Liz Green’s startlingly accomplished debut album, O, Devotion!, won widespread acclaim as one of the best debuts of 2011. Several years in the making following her initial emergence as the winner of the Glastonbury Emerging Talent Competition four years before, its bewitching, hard to pigeonhole north-west England brew of blues, folk and French chanson heralded the arrival of a major new artist. Sadly, few members of the record buying public agreed, and O, Devotion! came and went with barely a ripple of interest.
Haul Away!, as well as continuing the Wirral-born, Manchester-based Ms Green’s liking for exclamation marks in her record titles, also sees her songwriting style by and large carrying on from where O’ Devotion left off. Her compositions remain suffused by a glass half empty sense of dysfunction, failure and futility, with themes ranging from love gone wrong to death and betrayal, peppered with intriguing references to Greek mythology and traditional folk tales.
Musically, while O, Devotion! was, for all its other diverse elements, first and foremost an acoustic guitar led record, Haul Away! sees the piano taking centre stage as the dominant instrument on many songs. Those who felt the gorgeous French Singer was an absolute highlight of Green’s debut will be equally beguiled by Haul Away!’s Into My Arms, a ballad that’s simultaneously both beautifully lilting and quietly desperate, as Green implores “so come over, come over my dear, I’m pulling you in/you’re wearing me out and this habit is wearing you thin”.
Elsewhere, the piano is deployed in a number of equally effective ways, whether it’s the rambunctious ragtime tempo of the title track, the slow, deliberate waltz of The River Runs Deep or duetting with a mournful cello on the lyrical, elegant instrumental Little I. Green’s subject matter may be as stark as ever, but Haul Away! does have a slightly fuller, warmer and less claustrophobic sound than it’s predecessor, with more varied arrangements using many of the same core components, notably brass and woodwind. It remains a uniquely intoxicating sound; timeless yet also somehow boldly contemporary in a similar way to the warped vaudeville of Franks Wild Years and Rain Dogs-era Tom Waits.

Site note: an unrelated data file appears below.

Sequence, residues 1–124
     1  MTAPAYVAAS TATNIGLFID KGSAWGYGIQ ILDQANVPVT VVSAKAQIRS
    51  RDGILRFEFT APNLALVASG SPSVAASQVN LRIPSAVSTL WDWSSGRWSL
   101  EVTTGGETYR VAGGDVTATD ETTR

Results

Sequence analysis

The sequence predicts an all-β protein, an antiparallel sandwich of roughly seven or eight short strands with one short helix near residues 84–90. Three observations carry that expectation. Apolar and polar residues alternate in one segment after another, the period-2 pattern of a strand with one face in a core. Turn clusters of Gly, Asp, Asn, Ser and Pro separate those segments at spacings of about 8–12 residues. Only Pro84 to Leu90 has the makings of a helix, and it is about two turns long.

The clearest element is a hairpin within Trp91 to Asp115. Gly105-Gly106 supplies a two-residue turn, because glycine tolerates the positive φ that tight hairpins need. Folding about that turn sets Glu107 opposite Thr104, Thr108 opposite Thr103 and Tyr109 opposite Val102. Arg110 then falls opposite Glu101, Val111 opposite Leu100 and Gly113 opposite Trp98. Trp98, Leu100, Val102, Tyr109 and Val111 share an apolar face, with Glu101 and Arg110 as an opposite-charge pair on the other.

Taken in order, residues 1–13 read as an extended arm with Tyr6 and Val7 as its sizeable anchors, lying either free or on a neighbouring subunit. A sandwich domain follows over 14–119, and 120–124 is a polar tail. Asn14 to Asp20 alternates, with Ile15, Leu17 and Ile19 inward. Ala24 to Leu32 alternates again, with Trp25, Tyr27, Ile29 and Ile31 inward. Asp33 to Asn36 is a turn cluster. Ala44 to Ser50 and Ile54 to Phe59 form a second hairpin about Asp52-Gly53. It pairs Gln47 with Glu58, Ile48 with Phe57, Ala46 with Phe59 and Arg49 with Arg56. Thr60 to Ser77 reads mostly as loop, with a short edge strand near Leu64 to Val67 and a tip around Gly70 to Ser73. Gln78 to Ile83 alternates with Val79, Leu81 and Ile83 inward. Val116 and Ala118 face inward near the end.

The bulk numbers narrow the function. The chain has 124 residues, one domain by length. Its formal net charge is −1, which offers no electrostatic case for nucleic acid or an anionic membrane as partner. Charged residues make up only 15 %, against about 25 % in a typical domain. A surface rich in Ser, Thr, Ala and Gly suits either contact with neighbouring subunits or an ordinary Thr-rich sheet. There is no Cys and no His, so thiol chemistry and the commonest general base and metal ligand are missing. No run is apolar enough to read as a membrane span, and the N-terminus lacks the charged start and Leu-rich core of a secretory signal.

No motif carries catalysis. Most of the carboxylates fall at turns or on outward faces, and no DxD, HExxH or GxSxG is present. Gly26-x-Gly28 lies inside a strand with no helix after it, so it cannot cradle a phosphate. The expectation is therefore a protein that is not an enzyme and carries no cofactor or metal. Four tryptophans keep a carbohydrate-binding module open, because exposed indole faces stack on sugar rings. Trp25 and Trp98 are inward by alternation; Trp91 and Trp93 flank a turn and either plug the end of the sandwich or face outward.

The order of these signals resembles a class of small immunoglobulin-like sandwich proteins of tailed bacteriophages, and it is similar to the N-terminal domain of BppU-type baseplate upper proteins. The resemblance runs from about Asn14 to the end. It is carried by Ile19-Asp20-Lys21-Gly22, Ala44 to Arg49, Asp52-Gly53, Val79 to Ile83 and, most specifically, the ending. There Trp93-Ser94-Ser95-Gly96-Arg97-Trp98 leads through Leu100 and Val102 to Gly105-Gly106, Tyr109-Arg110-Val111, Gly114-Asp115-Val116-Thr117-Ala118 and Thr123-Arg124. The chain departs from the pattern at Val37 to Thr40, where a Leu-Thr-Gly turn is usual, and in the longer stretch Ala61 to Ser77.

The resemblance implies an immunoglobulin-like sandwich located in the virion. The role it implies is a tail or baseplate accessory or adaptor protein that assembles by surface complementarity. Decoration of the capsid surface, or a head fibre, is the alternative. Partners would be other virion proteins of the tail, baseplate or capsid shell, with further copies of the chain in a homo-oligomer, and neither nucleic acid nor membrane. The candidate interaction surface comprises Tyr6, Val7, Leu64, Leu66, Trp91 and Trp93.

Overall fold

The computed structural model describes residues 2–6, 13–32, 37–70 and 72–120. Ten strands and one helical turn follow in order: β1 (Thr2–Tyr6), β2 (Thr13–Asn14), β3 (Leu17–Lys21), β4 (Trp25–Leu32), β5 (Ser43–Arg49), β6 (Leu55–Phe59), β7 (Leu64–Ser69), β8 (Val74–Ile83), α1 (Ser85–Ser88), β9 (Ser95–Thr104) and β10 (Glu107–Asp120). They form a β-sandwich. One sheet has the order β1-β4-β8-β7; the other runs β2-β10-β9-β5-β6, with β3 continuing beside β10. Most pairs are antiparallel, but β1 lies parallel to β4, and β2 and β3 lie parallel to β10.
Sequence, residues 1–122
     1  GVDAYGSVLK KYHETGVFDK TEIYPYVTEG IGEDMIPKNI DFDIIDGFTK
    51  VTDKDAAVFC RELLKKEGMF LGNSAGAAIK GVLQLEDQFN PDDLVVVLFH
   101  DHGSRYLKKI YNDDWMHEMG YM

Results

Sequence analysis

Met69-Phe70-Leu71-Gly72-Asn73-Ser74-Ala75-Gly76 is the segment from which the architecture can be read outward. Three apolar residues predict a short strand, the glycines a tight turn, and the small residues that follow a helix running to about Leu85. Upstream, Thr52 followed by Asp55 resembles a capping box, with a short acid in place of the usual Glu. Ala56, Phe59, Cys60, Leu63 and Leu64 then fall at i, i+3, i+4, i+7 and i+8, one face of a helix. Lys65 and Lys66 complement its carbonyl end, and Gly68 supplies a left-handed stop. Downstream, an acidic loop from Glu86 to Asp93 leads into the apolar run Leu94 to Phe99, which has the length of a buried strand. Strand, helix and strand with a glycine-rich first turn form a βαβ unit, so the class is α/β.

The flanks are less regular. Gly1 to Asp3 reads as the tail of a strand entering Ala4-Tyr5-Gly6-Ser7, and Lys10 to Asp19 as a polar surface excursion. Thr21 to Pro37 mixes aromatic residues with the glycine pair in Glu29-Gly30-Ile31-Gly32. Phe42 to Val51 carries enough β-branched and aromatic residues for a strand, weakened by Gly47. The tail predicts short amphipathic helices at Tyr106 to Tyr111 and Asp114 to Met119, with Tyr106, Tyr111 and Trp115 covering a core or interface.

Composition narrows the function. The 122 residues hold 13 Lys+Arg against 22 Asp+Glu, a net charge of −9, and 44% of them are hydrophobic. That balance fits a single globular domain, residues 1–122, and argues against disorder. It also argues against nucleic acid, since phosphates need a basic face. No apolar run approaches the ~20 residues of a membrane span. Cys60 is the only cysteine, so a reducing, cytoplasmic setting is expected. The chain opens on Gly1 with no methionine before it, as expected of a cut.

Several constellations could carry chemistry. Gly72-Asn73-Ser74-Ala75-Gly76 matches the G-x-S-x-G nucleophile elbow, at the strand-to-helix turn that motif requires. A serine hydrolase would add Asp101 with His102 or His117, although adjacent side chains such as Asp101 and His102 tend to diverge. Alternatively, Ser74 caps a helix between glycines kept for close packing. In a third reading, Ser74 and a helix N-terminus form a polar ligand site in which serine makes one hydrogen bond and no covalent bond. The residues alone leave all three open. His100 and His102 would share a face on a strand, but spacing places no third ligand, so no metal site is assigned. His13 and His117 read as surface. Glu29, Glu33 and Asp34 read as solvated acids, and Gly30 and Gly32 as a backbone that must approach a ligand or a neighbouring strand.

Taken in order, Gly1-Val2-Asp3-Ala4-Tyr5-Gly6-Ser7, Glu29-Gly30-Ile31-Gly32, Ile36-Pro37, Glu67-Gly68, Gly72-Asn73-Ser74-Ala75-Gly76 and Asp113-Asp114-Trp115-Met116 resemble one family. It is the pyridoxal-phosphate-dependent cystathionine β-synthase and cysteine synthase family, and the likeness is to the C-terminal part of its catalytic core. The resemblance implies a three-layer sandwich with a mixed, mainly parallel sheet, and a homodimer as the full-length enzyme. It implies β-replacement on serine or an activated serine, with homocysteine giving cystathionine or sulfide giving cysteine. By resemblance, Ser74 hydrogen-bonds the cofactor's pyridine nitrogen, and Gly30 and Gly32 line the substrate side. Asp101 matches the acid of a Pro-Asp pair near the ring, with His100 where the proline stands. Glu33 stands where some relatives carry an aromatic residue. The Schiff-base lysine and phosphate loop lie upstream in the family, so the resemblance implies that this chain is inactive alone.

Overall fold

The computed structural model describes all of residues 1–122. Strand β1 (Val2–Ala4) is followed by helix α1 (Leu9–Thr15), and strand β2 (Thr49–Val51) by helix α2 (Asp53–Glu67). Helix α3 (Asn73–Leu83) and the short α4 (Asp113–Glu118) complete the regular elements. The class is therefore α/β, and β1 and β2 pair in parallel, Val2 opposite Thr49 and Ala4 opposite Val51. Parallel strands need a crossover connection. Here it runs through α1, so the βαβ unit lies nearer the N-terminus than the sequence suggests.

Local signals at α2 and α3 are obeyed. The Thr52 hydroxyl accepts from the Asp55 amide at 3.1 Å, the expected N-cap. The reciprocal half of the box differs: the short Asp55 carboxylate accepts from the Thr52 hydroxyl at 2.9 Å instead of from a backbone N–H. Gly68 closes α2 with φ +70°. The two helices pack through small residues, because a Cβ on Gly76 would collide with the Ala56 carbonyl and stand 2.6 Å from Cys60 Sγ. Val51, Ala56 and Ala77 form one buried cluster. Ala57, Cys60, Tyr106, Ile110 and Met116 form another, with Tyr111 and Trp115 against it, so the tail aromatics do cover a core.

Those still hankering after Green at her most bleak and sparse will not be left disappointed either. Opening track Battle kicks off Haul Away! with a skeletal banjo riff seemingly transported from 19th century Appalachians, the sole accompaniment to Green’s anguished, haunting vocal.
And ah, that voice. Like a Merseyside Billie Holiday, it exudes bitterness, hurt and experience with an authenticity rarely heard in modern singers, with a richness of tone and expression that puts most of her more successful contemporaries to shame. It’s in outstanding shape throughout Haul Away! but perhaps at it’s most powerful in more unadorned settings, such as Battle and the hypnotic Penelope, on which Green reaches a hushed crescendo with a series of pained sighs, backed by a gently fluttering saxophone.
Recorded live at London’s Toe Rag studios on vintage tape machines, everything about Haul Away! feels lovingly crafted but also very natural, with the songs flowing effortlessly and at their own stately, patient pace. In many respects, Green’s music feels like it belongs to an era much earlier than the 21st century. Yet in a modern industry that can often seem to be dominated by formulaic performers, Liz Green remains highly relevant as that rare exception. A true original.